And it needed to analyse three years’ worth of data from six thickeners used in the mining process, which each measured around 800 different metrics every minute.

Enormous computing power and specialist expertise were required so IntelliSense turned to the Machine Intelligence Garage, Digital Catapult’s AI programme that helps businesses access the computation power and expertise they need.

IntelliSense received access to cloud computing resources on AWS, including the latest GPU technology for machine learning.

It allowed the company to develop and train larger models on these huge data sets, reducing the time to market. It also tested the deployment of its entire platform on AWS, and developed a flexible system that can work across different hardware platforms.

The interoperability was essential to fulfil the obligations of the venture in Kazakhstan.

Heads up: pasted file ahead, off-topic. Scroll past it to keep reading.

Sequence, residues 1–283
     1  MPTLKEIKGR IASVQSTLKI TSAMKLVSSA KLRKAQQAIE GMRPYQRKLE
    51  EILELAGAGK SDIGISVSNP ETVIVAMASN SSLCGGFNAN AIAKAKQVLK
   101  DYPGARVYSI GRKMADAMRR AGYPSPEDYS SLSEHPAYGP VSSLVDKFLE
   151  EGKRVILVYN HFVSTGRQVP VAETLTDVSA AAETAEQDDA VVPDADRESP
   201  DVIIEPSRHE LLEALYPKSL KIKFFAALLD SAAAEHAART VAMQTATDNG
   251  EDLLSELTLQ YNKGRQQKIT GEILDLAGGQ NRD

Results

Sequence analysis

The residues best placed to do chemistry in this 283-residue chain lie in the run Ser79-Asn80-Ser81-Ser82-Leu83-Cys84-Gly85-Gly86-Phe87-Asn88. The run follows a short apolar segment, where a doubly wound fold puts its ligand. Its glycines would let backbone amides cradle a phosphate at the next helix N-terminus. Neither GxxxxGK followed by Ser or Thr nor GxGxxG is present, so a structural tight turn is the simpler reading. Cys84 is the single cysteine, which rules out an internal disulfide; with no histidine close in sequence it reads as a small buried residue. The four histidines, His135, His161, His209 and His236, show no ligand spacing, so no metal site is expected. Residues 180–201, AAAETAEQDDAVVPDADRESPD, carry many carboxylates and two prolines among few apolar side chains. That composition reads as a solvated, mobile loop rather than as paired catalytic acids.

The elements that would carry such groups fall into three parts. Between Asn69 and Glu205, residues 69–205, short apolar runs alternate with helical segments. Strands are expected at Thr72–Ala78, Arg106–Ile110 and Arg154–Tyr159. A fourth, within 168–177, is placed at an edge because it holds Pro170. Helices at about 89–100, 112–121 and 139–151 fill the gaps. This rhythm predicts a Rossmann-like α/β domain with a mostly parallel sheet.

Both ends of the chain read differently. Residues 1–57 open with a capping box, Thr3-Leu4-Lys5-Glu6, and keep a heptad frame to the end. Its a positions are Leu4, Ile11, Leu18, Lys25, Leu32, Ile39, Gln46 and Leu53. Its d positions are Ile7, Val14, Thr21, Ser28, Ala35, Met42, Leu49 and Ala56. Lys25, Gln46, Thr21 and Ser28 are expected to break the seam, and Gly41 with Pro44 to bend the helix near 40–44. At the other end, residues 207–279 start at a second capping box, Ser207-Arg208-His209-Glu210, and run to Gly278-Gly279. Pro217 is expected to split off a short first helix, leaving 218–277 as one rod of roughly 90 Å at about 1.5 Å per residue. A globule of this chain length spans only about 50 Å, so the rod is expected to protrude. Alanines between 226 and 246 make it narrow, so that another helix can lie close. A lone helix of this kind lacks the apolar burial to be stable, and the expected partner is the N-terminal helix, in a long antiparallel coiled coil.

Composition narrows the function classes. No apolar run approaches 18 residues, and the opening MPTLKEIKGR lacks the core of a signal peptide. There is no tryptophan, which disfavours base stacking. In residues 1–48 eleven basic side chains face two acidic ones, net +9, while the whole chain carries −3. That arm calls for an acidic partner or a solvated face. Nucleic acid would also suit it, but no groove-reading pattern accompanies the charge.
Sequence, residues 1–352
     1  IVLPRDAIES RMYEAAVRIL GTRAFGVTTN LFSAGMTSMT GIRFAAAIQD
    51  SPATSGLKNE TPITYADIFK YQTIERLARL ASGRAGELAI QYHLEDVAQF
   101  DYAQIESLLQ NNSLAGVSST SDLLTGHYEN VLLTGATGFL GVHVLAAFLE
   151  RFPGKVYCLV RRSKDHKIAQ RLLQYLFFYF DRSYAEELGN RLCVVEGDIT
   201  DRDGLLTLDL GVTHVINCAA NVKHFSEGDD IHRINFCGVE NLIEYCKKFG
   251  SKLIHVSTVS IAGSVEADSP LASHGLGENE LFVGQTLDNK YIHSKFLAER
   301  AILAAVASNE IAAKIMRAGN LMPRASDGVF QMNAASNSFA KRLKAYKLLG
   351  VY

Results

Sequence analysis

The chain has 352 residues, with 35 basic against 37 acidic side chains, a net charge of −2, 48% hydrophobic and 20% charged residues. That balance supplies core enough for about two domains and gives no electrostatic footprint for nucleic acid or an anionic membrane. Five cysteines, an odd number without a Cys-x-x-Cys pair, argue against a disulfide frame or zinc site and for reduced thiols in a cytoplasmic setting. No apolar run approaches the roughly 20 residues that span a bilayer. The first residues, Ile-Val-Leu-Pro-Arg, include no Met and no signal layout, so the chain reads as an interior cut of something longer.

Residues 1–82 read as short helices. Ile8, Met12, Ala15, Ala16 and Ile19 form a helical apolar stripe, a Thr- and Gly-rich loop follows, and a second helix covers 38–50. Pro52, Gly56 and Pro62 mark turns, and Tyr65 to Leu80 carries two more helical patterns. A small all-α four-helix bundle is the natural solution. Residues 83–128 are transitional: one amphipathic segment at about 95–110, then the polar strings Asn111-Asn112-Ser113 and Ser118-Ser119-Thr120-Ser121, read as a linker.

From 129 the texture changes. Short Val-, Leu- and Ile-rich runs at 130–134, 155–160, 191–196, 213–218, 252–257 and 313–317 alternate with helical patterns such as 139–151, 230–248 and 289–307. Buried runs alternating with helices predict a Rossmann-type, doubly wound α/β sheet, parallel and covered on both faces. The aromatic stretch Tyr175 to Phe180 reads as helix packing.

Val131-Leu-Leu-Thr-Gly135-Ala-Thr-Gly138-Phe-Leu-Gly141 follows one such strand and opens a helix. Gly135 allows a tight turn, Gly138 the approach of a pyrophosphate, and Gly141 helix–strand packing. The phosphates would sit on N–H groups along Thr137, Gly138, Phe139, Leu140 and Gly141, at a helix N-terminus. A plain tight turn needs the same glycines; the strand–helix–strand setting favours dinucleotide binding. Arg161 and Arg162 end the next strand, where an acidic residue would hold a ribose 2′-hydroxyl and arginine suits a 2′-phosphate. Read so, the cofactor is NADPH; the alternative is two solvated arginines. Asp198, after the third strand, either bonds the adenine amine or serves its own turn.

IntelliSense created a world-first solution that takes in 800 variables a minute, using AI to predict how thickeners will operate up to an hour in the future.

It is now testing a framework that will allow it automatically to train models.

International Trade Secretary Liam Fox praises company

Dr Liam Fox, the International Trade Secretary, said: “Companies like IntelliSense.io are transforming the way we extract our valuable natural resources. In an industry characterised by unpredictability, promoting sustainable development in the UK mining industry is vital. Thanks to support from my department and through collaboration with Digital Catapult, the business has been able take the first step in its exporting journey for its AI solutions, reaching markets such as Kazakhstan and Chile. The Department for International Trade will continue to support like-minded businesses through our Export Strategy as we look to drive exports as percentage of GDP to 35 per cent.”